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Tony Ward Studio Apartment

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As a blogger, his well-trafficked websites tonyward.com, tonywardstudio.com, and tonywarderotica.com keep him busy publishing articles by a great supporting cast of creative writers including; A.H. Scott, Bob Shell, Katie Kerl, and Mikala Mikrut.

Through property development, Ward has recently created a stylish home for renters; making a beautiful, modern space in the historic Elkins Park neighborhood. The recent purchase and subsequent renovation has been a creative outlet for Ward. The project happily supports his photographic endeavors and allows room for his 5000 print photography archive to be stored at home instead of an offsite storage facility.

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TWS: Tennant Apartment

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Artists of all ages, take note. Non-artists are doing it, why shouldn’t you? Better you in the neighborhood than a bank. Educate yourself on the bustling real estate market in Philly, sell your art whenever you can, and pass your knowledge onto the next generation – wherever you can.

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Tony Ward Studio Apartments

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About The Author: Racquel Ward is a writer and educational therapist living in Los Angeles. She holds a BA in Culture and Media studies and a BFA in Contemporary Music from the New School University – Manhattan, New York. Racquel also holds a Master’s of Science in Teaching. She has been published on ThoughtCatalog and most recently finished her first children’s book. To access additional articles by Racquel Ward, click here: http://tonywardstudio.com/blog/racquel-ward-expo/

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Editors Note: This article first appeared athttp://dosagemagazine.com

 

 

Also posted in Art, Blog, Documentary, lifestyle, Men, News, Popular Culture, Travel

Bob Shell: Objectifying and Exploiting Women?

Photo: Bob Shell, Copyright 2019

Text by Bob Shell, Copyright 2019

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Objectifying and Exploiting Women?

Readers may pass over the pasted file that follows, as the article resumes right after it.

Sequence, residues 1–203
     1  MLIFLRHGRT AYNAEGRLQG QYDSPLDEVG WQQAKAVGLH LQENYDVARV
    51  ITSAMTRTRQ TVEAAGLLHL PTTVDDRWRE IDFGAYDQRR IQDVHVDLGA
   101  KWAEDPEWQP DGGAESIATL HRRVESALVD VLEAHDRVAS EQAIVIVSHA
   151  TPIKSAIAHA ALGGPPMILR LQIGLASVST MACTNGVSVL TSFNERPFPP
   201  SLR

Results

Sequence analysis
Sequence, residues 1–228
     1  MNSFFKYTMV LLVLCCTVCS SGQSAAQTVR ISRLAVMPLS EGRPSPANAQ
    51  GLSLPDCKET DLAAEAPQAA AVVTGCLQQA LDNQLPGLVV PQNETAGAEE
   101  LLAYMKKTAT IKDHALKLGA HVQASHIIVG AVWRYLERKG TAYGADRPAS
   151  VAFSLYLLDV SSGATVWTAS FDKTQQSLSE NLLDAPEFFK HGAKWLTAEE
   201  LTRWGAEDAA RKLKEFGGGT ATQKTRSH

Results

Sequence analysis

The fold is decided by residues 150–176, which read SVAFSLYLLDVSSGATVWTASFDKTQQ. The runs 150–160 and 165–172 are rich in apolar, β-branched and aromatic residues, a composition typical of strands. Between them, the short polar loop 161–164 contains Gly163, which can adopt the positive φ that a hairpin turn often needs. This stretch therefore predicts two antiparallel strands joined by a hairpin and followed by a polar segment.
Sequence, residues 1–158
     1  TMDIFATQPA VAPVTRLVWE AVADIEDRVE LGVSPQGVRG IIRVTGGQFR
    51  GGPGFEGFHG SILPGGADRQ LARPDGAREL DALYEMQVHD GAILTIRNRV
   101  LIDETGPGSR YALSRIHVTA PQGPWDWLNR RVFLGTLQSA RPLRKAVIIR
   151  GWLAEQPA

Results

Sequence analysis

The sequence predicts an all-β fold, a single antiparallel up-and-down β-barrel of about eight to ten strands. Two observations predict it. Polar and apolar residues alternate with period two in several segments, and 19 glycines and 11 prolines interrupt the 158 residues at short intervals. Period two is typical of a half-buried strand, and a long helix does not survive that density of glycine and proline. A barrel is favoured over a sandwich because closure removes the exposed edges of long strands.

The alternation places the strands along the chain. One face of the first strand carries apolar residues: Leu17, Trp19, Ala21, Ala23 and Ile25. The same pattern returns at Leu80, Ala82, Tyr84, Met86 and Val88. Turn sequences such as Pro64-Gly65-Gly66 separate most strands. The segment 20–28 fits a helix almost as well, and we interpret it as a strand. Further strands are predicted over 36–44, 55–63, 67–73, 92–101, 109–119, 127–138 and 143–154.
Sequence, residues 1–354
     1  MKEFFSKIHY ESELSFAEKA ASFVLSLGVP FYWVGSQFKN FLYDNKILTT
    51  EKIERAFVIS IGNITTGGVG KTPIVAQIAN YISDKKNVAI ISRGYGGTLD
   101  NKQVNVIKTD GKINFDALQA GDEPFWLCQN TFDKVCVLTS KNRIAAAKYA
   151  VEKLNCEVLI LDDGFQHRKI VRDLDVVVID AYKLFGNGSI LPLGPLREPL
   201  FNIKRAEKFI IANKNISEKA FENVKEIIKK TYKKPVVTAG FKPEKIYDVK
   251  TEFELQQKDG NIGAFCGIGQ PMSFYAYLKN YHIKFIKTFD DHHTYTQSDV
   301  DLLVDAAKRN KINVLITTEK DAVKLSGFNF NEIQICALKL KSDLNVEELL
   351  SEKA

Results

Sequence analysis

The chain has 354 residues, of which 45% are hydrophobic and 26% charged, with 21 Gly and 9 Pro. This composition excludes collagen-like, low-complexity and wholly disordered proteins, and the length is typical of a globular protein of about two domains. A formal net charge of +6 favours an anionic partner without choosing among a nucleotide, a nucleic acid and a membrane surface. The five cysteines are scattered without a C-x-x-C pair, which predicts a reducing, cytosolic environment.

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An English friend once gave me a really hard time; she said I was objectifying and exploiting women in my photography. That disagreement caused me to spend some time thinking about this issue. Don’t all photographers objectify their subjects and exploit them? Did Ansel Adams objectify and exploit Halfdome? Did Edward Weston objectify and exploit bell peppers? Is the whole argument ridiculous?

Let’s look at both prongs of this argument. Objectifying is a somewhat strange concept, since it means turning something into an object. But, when you think about it, everything we photograph is already an object, or we couldn’t photograph it in the first place. When we photograph something, we’re. taking a three dimensional object and converting it into a two dimensional representation of itself. So in a sense, we’re de-objectifying it. Hmmmm.

No, that’s not what she was talking about. When she argued that I was “objectifying” women, she meant that I was looking at them as objects, specifically as sex objects. Was I? I’d have to say yes to that. After all, the intent of many of my photographs was to create a sexual frisson in the viewer, be that viewer male or female. If I punched the viewer in the libido, I felt that the photograph was a success. So, was I turning my model into a sex object? I’d argue no, that she was already a sex object before I ever clicked the shutter. I didn’t make her into a sex object, God or evolution did; take your pick. Either way, women are shaped the way they are to arouse interest in men. That’s simply a fact. Her rounded form is designed/evolved to attract men. We even say of a pretty woman that she is “attractive,” usually without really thinking of the implications of that statement.

Let me put on my biologist hat for a moment. Whether we like it or not, we are animals, mammals to be a bit more precise. We are advanced apes. Jared Diamond even says we’re the third species of chimpanzee, after the common chimp and bonobo.. If that offends you, skip on to the next paragraph. In our cousins, the gorillas, chimps, and bonobos sexual attraction is a matter primarily of scent. Females have nipples up high on their chests, practically in their armpits. They have no breasts and wouldn’t know what to do with a bra. There is nothing about their chests to arouse or attract the male. At the other end, they have narrow flat asses without bulging buttocks. We humans, on the other hand, are almost totally visual in our sex cues and have de-emphasized our sense of smell, so much so that our females borrow scents from other animals and plants when they want to send a scent signal. The perfume industry has gotten rich off of that.

But what first gets a man’s attention? Its two rounded areas of protruding fatty tissue, either in front or in back. What Americans call T & A (the English say T & B, “tits and bums.”) This fact keeps “cosmetic surgeons” busy, adding breasts where there are none, or those nature provided are considered inadequate, and reshaping behinds, to produce the “perfect” rounded shape. I’ve always counseled my models against “cosmetic surgery” at either end, preferring their natural shape.